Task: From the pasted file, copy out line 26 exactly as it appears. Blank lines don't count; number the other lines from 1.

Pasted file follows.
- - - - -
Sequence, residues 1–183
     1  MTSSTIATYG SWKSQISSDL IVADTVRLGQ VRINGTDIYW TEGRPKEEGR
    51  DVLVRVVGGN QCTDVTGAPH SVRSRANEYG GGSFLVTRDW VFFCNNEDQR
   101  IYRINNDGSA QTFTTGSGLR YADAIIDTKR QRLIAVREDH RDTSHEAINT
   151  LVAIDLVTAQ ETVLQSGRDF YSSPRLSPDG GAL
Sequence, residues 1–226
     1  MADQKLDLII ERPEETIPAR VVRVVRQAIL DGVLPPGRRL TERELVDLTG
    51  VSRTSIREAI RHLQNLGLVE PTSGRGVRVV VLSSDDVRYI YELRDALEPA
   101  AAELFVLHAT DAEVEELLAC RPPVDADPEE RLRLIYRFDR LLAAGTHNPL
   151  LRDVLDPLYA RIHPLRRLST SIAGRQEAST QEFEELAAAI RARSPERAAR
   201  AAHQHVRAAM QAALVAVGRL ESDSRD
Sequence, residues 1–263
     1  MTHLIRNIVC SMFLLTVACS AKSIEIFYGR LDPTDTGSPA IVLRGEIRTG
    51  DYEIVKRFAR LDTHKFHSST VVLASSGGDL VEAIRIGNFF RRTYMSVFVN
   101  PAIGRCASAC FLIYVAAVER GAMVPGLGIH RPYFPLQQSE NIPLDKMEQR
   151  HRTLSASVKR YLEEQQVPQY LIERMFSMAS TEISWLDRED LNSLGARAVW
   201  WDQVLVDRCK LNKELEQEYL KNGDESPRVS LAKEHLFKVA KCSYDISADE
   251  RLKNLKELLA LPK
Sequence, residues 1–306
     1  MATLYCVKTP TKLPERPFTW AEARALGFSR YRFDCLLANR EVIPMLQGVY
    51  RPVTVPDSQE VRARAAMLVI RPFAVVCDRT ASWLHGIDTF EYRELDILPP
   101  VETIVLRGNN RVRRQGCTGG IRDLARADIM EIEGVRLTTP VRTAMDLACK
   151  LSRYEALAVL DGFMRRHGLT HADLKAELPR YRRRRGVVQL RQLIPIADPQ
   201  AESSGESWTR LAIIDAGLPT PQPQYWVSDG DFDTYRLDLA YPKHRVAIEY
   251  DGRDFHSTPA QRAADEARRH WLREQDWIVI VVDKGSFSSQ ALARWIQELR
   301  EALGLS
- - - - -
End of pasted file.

   301  EALGLS